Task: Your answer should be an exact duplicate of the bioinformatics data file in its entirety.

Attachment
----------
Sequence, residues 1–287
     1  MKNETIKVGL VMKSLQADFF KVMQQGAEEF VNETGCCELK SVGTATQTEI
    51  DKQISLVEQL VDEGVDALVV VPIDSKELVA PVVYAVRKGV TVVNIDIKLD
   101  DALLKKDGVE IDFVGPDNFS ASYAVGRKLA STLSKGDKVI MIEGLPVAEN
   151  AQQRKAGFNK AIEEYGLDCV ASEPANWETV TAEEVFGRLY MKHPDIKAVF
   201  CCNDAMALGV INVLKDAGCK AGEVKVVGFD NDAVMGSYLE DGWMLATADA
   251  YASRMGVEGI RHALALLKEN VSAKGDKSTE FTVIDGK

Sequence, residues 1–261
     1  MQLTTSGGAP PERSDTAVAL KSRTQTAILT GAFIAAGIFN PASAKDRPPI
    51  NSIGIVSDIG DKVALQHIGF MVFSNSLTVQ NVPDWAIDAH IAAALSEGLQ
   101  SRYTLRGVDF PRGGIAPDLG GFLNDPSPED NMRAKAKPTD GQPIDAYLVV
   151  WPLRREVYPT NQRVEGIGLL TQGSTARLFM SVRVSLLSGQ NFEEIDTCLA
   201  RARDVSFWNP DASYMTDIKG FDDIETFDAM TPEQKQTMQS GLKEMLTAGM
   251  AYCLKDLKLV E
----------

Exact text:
Sequence, residues 1–287
     1  MKNETIKVGL VMKSLQADFF KVMQQGAEEF VNETGCCELK SVGTATQTEI
    51  DKQISLVEQL VDEGVDALVV VPIDSKELVA PVVYAVRKGV TVVNIDIKLD
   101  DALLKKDGVE IDFVGPDNFS ASYAVGRKLA STLSKGDKVI MIEGLPVAEN
   151  AQQRKAGFNK AIEEYGLDCV ASEPANWETV TAEEVFGRLY MKHPDIKAVF
   201  CCNDAMALGV INVLKDAGCK AGEVKVVGFD NDAVMGSYLE DGWMLATADA
   251  YASRMGVEGI RHALALLKEN VSAKGDKSTE FTVIDGK

Sequence, residues 1–261
     1  MQLTTSGGAP PERSDTAVAL KSRTQTAILT GAFIAAGIFN PASAKDRPPI
    51  NSIGIVSDIG DKVALQHIGF MVFSNSLTVQ NVPDWAIDAH IAAALSEGLQ
   101  SRYTLRGVDF PRGGIAPDLG GFLNDPSPED NMRAKAKPTD GQPIDAYLVV
   151  WPLRREVYPT NQRVEGIGLL TQGSTARLFM SVRVSLLSGQ NFEEIDTCLA
   201  RARDVSFWNP DASYMTDIKG FDDIETFDAM TPEQKQTMQS GLKEMLTAGM
   251  AYCLKDLKLV E